_mm256_store_si256(dst+1, m1B);
        _mm256_store_si256(dst+2, m1C);
        _mm256_store_si256(dst+3, m1D);
         m1A = _mm256_or_si256(m1A, m1B);
         m1C = _mm256_or_si256(m1C, m1D);
         m1A = _mm256_or_si256(m1A, m1C);
        return _mm256_testz_si256(m1A, m1A);
    bm::id64_t bit_block_and(bm::word_t* BMRESTRICT dst,
                             const bm::word_t* BMRESTRICT src,
                             bm::id64_t digest)
       const bm::id64_t mask(1ull);
        unsigned short bits[65];
        unsigned bcnt = bm::bitscan_popcnt64(digest, bits);
        for (unsigned i = 0; i < bcnt; ++i)
            unsigned wave = bits[i];
            unsigned off = wave * bm::set_block_digest_wave_size;
            #if defined(VECT_AND_DIGEST)
                bool all_zero = bm::avx2_and_digest(&dst[off], &src[off]);
                if (all_zero)
                    digest &= ~(mask << wave);
                const bm::bit_block_t::bunion_t* BMRESTRICT src_u = (const bm::bit_block_t::bunion_t*)(&src[off]);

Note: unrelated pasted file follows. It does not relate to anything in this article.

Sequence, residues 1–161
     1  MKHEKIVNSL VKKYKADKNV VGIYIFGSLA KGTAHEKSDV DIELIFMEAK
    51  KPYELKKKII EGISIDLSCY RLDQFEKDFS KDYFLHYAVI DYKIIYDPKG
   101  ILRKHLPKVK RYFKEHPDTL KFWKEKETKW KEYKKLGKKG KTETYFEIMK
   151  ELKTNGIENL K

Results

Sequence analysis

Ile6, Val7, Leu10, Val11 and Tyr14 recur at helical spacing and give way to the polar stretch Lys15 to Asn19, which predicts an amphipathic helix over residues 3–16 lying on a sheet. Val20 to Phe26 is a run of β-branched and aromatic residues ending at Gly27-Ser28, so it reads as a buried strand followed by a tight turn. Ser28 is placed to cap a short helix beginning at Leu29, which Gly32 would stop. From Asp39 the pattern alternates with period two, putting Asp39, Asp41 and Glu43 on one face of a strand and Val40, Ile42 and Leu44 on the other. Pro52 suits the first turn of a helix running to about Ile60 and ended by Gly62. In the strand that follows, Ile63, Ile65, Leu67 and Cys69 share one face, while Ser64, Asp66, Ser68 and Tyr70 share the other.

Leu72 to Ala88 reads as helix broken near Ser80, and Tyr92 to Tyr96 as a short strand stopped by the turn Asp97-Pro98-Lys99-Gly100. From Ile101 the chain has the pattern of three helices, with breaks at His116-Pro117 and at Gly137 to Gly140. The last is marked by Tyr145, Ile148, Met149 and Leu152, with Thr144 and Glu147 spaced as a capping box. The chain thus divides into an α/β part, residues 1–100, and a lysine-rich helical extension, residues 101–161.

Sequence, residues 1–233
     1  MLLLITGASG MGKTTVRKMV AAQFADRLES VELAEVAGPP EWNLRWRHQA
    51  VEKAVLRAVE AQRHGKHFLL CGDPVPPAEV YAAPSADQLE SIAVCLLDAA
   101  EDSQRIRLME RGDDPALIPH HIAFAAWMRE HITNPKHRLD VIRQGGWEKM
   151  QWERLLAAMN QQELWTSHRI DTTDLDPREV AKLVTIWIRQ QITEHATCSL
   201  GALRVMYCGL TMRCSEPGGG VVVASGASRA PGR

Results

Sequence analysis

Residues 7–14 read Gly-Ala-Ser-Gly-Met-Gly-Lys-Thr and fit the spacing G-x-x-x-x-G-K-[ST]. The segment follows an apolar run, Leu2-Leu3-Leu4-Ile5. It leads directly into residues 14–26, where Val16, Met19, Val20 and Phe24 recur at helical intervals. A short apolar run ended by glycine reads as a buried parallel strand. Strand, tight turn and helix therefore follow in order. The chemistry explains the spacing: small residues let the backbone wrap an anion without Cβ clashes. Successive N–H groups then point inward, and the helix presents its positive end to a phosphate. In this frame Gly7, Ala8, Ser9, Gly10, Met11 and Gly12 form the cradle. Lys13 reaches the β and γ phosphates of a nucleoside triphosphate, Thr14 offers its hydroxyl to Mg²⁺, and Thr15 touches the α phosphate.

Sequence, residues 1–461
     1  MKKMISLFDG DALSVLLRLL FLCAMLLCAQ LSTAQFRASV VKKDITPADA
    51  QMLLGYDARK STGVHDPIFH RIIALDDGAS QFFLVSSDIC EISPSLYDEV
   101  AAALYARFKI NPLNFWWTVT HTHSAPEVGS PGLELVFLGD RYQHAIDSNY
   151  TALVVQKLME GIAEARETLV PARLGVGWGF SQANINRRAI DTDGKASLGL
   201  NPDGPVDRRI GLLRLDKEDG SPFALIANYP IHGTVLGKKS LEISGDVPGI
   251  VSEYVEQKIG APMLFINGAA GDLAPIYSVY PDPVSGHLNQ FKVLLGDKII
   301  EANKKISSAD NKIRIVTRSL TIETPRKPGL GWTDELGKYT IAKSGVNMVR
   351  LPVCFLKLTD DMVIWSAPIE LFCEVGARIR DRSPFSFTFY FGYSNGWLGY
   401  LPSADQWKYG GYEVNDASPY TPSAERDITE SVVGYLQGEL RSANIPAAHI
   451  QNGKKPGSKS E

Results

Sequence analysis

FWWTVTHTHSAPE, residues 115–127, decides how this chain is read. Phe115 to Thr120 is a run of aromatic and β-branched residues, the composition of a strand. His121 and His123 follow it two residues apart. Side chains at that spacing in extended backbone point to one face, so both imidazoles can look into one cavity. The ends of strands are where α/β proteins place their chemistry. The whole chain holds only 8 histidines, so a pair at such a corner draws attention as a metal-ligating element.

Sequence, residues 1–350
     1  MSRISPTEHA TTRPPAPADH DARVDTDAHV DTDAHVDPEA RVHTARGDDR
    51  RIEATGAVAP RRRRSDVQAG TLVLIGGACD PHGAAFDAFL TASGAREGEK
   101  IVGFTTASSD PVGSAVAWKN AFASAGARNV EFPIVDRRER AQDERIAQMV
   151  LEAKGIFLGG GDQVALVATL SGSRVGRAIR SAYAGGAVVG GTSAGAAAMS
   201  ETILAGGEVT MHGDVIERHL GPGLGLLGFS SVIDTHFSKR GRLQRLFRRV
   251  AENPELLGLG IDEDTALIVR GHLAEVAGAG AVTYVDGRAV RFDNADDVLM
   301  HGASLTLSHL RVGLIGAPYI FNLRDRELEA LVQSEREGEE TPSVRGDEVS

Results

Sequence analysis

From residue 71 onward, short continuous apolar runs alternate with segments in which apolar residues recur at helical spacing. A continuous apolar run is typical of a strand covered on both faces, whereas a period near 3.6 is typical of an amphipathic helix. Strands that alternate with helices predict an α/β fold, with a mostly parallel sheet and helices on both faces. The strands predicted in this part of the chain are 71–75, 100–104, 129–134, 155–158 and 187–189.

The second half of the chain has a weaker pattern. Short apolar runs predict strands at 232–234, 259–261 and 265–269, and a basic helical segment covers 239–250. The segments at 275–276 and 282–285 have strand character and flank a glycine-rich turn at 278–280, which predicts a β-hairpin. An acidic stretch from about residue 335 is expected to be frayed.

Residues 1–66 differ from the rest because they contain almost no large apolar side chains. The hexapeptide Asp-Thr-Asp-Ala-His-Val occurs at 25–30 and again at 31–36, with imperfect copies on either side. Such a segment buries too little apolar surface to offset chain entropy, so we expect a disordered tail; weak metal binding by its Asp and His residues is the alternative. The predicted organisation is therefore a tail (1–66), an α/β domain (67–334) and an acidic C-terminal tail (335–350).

bm::bit_block_t::bunion_t* BMRESTRICT dst_u = (bm::bit_block_t::bunion_t*)(&dst[off]);
                bm::id64_t acc = 0;
                unsigned j = 0;
                    acc |= dst_u->w64[j+0] &= src_u->w64[j+0];
                    acc |= dst_u->w64[j+1] &= src_u->w64[j+1];
                    acc |= dst_u->w64[j+2] &= src_u->w64[j+2];
                    acc |= dst_u->w64[j+3] &= src_u->w64[j+3];
                } while (j < bm::set_block_digest_wave_size/2);
                if (!acc) // all zero
                    digest &= ~(mask  << wave);
        } // for i
        return digest;

    For this optimization digest technique actually showed the best performance improvement, especially for cases when compressed block meets uncompressed (CPU intensive with branching).